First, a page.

Likewise, the horror takes on a few shapes. There’s the creeping dread of the encroaching supernatural death countdown. Likewise, there are some of the expected haunting tropes: Hair found in places it should not be, shapes moving from shadows, figures that sit looking away from us that we really don’t want to turn our way, unnatural violations of personal space (e.g., in bed and in the shower) and dream sequences. There’s a lovely use of sound in the feature, from the dry throat rattle of The Grudge ghosts to a pounding noise on the new, improved cursed video—gone are the mystic clues to Sadako’s origin that sent characters island hopping in the original Ringu, replaced with a single setup of a decayed corridor, a steel door, and the thing that emerges from it. There’s some wonderfully grotesque interruptions of ritual behaviors. Some of these moments work, some are telegraphed a little too much, and some rely on cheesy jump scares such as a cat leaping out from around the corner.
However, I am a sucker for horror movies. I am happy to invest my interest when the movie gives me something to invest it in, and I too jump like a child and giggle at my own silliness. I don’t require titillation every five minutes. In fact, I often enjoy slow pictures a bit more than hectic ones. For me, a horror movie’s effectiveness is measured less while watching or immediately after as it is at around 2AM, when I have to get up to use the restroom. I am not so macho to say that I am immune to getting freaked out when I am half-asleep, and I sometimes run back to bed when I am done with my business and the subsequent wash up. I love scary movies, and I have the head space that recalls them at the least appropriate moments. Did this movie succeed on that scale? Alas, no. But I enjoyed watching it.
Sadako vs. Kayako is an odd little piece, a return to some movies that I loved. It changes things up, blends some elements together, revisits some locations in new ways (a well is important later on, but not in the way audiences versed in Ringu might expect), and it got me with jump scares a couple of times. The film might have started out as a joke, but the finished feature is a watchable return to creepy Japanese horror that makes me bob my head and say, “Why don’t I watch more of this sort of stuff?” The ending in which the title characters clash over their victims is perhaps too brief but memorable. The title really does not define the movie well so much as play on an April Fool’s Day prank that turned into an actual picture. However, I enjoyed the movie for what it was: A return home of sorts to newish spins on two horror features I enjoyed almost twenty years ago.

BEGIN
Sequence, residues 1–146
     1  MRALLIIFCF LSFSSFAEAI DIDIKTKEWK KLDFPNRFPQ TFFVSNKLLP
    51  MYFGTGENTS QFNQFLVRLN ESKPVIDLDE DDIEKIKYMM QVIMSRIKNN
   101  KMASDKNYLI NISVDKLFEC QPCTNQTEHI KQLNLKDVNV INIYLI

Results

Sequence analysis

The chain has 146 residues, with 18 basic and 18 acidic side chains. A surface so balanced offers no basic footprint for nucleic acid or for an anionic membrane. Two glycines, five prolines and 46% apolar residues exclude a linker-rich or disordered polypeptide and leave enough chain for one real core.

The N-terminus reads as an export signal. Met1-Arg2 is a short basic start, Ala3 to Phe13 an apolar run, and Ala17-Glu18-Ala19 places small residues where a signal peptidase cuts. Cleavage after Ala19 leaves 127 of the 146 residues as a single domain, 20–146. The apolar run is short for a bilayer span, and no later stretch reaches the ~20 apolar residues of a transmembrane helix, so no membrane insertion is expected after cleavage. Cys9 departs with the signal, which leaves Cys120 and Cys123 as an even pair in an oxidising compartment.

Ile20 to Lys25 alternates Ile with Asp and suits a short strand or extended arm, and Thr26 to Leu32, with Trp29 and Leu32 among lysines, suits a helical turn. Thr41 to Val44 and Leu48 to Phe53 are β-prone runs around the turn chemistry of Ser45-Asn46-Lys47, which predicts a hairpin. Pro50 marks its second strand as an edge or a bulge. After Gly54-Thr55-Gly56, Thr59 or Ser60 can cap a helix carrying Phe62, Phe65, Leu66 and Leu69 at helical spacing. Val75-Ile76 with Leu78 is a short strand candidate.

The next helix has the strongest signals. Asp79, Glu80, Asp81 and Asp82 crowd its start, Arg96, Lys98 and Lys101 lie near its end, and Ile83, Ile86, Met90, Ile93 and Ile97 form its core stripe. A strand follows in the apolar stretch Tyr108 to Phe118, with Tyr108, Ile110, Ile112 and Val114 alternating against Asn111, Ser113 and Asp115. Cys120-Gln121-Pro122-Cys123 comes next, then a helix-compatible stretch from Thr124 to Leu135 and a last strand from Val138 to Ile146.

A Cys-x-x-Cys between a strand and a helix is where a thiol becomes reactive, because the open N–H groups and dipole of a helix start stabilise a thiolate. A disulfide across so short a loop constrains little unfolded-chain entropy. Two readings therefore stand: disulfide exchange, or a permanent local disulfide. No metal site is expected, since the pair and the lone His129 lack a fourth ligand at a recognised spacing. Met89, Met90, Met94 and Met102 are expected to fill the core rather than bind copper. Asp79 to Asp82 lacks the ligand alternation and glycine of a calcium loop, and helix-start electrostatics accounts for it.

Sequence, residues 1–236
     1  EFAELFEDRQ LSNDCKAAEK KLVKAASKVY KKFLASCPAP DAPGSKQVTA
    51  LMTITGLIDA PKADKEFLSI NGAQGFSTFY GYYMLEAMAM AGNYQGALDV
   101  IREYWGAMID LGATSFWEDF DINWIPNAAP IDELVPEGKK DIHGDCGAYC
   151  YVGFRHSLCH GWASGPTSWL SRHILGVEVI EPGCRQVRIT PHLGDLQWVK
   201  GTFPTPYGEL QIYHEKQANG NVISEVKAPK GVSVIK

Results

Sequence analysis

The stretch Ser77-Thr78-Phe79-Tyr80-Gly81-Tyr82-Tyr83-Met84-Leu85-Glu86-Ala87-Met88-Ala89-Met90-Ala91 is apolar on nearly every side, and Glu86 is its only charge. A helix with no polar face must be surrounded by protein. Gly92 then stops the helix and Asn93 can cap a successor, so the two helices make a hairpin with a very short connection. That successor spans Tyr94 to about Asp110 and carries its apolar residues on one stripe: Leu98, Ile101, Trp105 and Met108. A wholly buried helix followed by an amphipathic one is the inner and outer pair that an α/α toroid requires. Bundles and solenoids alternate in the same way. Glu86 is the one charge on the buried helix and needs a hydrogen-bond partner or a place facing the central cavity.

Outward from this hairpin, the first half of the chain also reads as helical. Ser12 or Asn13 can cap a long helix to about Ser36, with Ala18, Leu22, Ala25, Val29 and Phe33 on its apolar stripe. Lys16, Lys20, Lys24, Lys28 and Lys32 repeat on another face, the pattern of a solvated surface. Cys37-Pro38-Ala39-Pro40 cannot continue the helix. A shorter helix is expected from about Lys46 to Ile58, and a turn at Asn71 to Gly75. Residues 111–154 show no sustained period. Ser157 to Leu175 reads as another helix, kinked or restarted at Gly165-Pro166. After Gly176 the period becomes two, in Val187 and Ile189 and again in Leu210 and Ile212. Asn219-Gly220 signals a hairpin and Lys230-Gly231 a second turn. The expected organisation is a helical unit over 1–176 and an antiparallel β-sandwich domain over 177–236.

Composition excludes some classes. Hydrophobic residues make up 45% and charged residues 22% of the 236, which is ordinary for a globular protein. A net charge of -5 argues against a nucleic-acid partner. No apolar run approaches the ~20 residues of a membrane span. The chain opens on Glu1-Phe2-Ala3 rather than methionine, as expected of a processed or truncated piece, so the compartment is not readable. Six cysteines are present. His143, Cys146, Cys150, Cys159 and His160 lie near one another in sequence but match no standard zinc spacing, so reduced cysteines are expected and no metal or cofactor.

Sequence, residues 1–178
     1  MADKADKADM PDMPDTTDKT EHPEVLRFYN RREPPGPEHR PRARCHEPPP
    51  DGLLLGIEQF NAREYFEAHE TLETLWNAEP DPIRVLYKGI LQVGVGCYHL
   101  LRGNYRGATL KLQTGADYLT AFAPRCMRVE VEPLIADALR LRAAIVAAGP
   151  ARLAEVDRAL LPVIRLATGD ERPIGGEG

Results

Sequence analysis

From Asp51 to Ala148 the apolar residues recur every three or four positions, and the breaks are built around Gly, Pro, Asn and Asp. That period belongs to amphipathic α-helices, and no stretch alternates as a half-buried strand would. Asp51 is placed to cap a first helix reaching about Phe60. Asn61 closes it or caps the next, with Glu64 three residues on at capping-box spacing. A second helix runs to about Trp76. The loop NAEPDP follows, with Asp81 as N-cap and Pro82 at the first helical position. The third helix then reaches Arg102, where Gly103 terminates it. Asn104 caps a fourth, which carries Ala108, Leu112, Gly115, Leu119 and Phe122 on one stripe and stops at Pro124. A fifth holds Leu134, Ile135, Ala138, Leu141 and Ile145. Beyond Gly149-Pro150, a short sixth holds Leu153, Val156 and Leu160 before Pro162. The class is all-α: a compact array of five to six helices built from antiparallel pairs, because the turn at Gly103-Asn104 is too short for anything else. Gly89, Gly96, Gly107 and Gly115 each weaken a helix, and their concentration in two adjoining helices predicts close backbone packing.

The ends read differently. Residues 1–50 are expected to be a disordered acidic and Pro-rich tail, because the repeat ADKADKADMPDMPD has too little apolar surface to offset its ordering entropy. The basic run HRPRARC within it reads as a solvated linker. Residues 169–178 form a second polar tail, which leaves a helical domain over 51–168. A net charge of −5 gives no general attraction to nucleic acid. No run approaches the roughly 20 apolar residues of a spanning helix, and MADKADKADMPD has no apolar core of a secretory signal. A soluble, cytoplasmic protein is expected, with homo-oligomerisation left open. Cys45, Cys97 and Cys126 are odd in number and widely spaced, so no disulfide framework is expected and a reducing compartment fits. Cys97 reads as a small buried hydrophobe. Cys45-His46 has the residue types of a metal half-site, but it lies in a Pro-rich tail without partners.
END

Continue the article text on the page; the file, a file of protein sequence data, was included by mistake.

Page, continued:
Many of the best horror films are not U.S. productions, these days. They are Mexican, Korean, Spanish, Canadian and Japanese. Unfortunately, many of these countries’ releases are subtitled, and that turns off quite a few viewers. Personally, I cannot understand the complaint about having to read when they want to watch a movie. Instead, I am happy to have the chance to see something unusual, something creative, something that takes my expectations and uses them against me or sets them on their ear. Sadako vs. Kayako might not be a breath of completely fresh genre air, but I found it to be an engaging exploration of urban legends remade for the modern day. I would have liked to see more done with some subplots and elements—converting the cursed video to DVD or leaking the data onto the Internet lends itself to an apocalyptic sort of vision that made a flick like Kairo (2001)/Pulse (2006) so chilling. However, the movie has its own premise to explore and along the way it raises quite a few new ideas, some it uses, some it leaves for future storytellers to make use of, and all of them food for thought for audiences member like me.
Have you tried out Shudder, yet? If you like horror and suspense-thrillers, the service is pretty great. Trista and I signed up in the middle of December and we have already seen enough quality material to justify an annual subscription. YMMV, but why not give it a trial? Use the code HORRORHOUND once you have signed up to increase your 7-day trial to a 30-day free trial.
Next week, we return to Mexican horror and fantasy with a film that revels in the power of storytelling: 2017’s Tigers Are Not Afraid. Writer/director Issa Lopez spins a dark, powerful ghost story about the drug wars and their effects on a barrio. Five children must survive in an all but abandoned world, staying one step ahead of the Huacas, a cartel that kidnaps and murders at random. However, one of their number has a handful of wishes that might well be real, giving them an edge. The wishes do not come without a price, however. Tigers Are Not Afraid is available in a streaming editions. It is also available as a Shudder exclusive.
“Movie Mondays: Sadako Vs. Kayako” is copyright © 2020 by Daniel R. Robichaud. Poster and still image are taken from IMDB.